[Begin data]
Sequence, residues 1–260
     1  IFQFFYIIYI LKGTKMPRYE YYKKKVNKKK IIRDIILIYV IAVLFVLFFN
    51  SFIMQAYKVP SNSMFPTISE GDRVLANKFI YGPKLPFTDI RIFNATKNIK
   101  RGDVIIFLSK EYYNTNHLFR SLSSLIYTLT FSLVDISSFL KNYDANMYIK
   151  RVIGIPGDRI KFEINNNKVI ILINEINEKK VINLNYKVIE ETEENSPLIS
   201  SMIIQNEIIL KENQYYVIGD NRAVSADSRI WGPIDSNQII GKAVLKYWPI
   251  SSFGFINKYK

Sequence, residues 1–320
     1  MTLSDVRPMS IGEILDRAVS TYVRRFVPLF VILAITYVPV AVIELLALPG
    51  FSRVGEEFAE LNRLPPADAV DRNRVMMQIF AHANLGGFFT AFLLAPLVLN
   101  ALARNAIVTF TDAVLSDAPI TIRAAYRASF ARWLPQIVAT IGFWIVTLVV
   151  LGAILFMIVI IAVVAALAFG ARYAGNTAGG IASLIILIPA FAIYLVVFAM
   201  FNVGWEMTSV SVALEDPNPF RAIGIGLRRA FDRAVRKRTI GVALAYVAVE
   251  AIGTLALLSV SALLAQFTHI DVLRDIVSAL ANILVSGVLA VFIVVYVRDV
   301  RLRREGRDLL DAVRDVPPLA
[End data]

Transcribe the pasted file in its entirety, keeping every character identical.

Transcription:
Sequence, residues 1–260
     1  IFQFFYIIYI LKGTKMPRYE YYKKKVNKKK IIRDIILIYV IAVLFVLFFN
    51  SFIMQAYKVP SNSMFPTISE GDRVLANKFI YGPKLPFTDI RIFNATKNIK
   101  RGDVIIFLSK EYYNTNHLFR SLSSLIYTLT FSLVDISSFL KNYDANMYIK
   151  RVIGIPGDRI KFEINNNKVI ILINEINEKK VINLNYKVIE ETEENSPLIS
   201  SMIIQNEIIL KENQYYVIGD NRAVSADSRI WGPIDSNQII GKAVLKYWPI
   251  SSFGFINKYK

Sequence, residues 1–320
     1  MTLSDVRPMS IGEILDRAVS TYVRRFVPLF VILAITYVPV AVIELLALPG
    51  FSRVGEEFAE LNRLPPADAV DRNRVMMQIF AHANLGGFFT AFLLAPLVLN
   101  ALARNAIVTF TDAVLSDAPI TIRAAYRASF ARWLPQIVAT IGFWIVTLVV
   151  LGAILFMIVI IAVVAALAFG ARYAGNTAGG IASLIILIPA FAIYLVVFAM
   201  FNVGWEMTSV SVALEDPNPF RAIGIGLRRA FDRAVRKRTI GVALAYVAVE
   251  AIGTLALLSV SALLAQFTHI DVLRDIVSAL ANILVSGVLA VFIVVYVRDV
   301  RLRREGRDLL DAVRDVPPLA